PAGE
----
Retooled Quatuor Ébène in first-class form at Shriver Hall

Mon Apr 08, 2024 at 12:34 pm

The Quatuor Ébène performed Sunday evening at Shriver Hall. Photo: WCR

The Quatuor Ébène was last heard locally in 2014 at the Library of Congress. In the decade since that appearance, the group has switched out half of its former personnel. Their Baltimore debut, heard Sunday evening at Shriver Hall, offered the first chance to hear the new formation, with Marie Chilemme, violist since 2017, and cellist Yuya Okamoto, who joined just this year.

Okamoto, born in Japan but now based in Munich, is the first non-French member of this celebrated quartet. He replaces Raphaël Merlin, who left the group after twenty years to become music director of l’Orchestre de Chambre de Genève. The group’s current tour, which began in February, marks their maiden performances together.

The program, likely conceived before the personnel change, turned out to be an ideal way to present the new cellist and highlight the remarkable ease with which he has settled into the group. 

Mozart composed his String Quartet No. 21, in 1789, the first of the so-called “Prussian” Quartets. It came in response to a commission from Friedrich Wilhelm II, the King of Prussia and an avid amateur cellist, whom the composer had met in Potsdam earlier that year.

In the first movement, the cello part has only rests initially, joining later on a prominent solo line. Okamoto handled his new role with aplomb, playing this and the many outstanding lead phrases given to the cello throughout the quartet with a rich, confident tone. All four musicians seemed to work together as if they had been an ensemble for much longer than a few weeks, marking the recapitulation of the first movement as one with a collective gentle ease.

The remarkable unity of the quartet continued in the slow movement, with Okamoto trading phrases with first violinist Pierre Columbet and violist Marie Chilemme. Columbet’s high range turned a little steely in the fast-paced Menuetto, but both violinists and violist handed off a triadic motif playfully, like passing a hot potato. The Finale, with its many contrapuntal sections revealing all four musicians in equal confidence, sealed the impression of a quartet once known primarily for its take on modern repertoire, extending its reach.

Alfred Schnittke’s String Quartet No. 3, composed in 1983, made clear the continuation of the group’s modern specialization. With exceptionally balanced sound, mostly senza vibrato, the musicians presented the three historical allusions made by Schnittke at the start of the first movement, all marked in the score: a tranquil cadence from a Stabat Mater by Lassus, the theme of Beethoven’s Grosse Fuge, and the name theme of Dmitri Shostakovich.

Dissonances did not always clash and irritate in this performance, often buffed of their edges with clarity of intonation. A contrapuntal section of close imitation, with each instrument closely layered over the next, sounded like a ghostly echo. Schnittke undercuts the joking rondo theme of the second movement, a repetitive tune in minor, with violent outbursts of unrelated material. A relentless crescendo on an obstinate rhythmic motif crowned the movement.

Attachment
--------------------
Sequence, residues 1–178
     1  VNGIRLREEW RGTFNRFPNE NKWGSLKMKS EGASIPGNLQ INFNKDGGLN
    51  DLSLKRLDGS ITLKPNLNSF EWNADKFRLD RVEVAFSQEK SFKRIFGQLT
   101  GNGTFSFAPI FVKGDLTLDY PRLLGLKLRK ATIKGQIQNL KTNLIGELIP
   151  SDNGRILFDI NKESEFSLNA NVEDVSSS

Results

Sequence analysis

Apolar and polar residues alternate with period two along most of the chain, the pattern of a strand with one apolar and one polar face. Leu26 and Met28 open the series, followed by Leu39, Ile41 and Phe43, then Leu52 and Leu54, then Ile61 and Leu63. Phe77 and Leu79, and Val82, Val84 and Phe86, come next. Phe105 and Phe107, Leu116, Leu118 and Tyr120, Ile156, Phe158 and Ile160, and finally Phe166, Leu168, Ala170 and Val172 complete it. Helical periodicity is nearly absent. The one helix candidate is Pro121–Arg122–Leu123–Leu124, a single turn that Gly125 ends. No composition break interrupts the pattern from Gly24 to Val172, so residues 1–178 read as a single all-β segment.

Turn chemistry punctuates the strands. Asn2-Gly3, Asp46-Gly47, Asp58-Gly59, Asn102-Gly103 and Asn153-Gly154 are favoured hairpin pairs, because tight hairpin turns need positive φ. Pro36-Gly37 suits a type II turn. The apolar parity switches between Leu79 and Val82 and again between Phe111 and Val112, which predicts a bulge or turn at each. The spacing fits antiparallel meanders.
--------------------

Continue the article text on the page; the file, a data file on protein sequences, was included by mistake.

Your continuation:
The absurdly weighty funeral march of the third movement again recalled Shostakovich. The Doppler-effect swells toward the end, crazy bursts of sound, revealed the dynamic range of the four musicians, with the new cellist again proving his mettle at the later end of the historical spectrum.

After intermission came Grieg’s String Quartet in G Minor, which proved a chance for the quartet to play at being the sonic equivalent of an entire orchestra. After a moody introduction to the first movement, with yearning melodic lines, the fast section offered impressive dynamic contrasts between the full-throated first theme and the furtive second theme. Throughout the movement, Marie Chilemme’s sensitive solo playing showed her to be no less a solid addition to the quartet than her more recently added colleague.

Both violinists excelled with bravura tone, with second violinist Gabriel Le Magadure matching Colombet step for step. In the coda of the first movement, Okamoto nailed the cello solo, again showing that the Ébène is embarking on what should be a very successful collaboration. He handled the opening of the second movement, a sentimental waltz, with similar assurance, as all four musicians created striking contrasts of texture from section to section.

The Intermezzo movement had a pleasing, driving character in its A section, matched by the more folksy B section, like a homey reel marked with trills. The four musicians negotiated the tricky hemiola shifts at the end of the piece with remarkable assurance. The Finale, taken at a breath-taking pace, provided a closing set of thrills and rounded out the picture of a quartet seemingly able to face all musical challenges.

Unexpected encores have always having been a special calling card for the Ébène, and the group did not disappoint. Offering something “a bit quieter than the Grieg,” as one of the players put it, the group played an arrangement of the first movement of Schumann’s Bunte Blätter. A brilliantly distilled few drops of cooling refreshment, the piece rounded out an extraordinary evening of music making.

Cellist Johannes Moser and pianist Marc-André Hamelin perform music by Debussy, Franck, Nadia Boulanger, and Hamelin 5:30 p.m. April 21. Shriver Hall has also announced the details of its 2024-2025 season.

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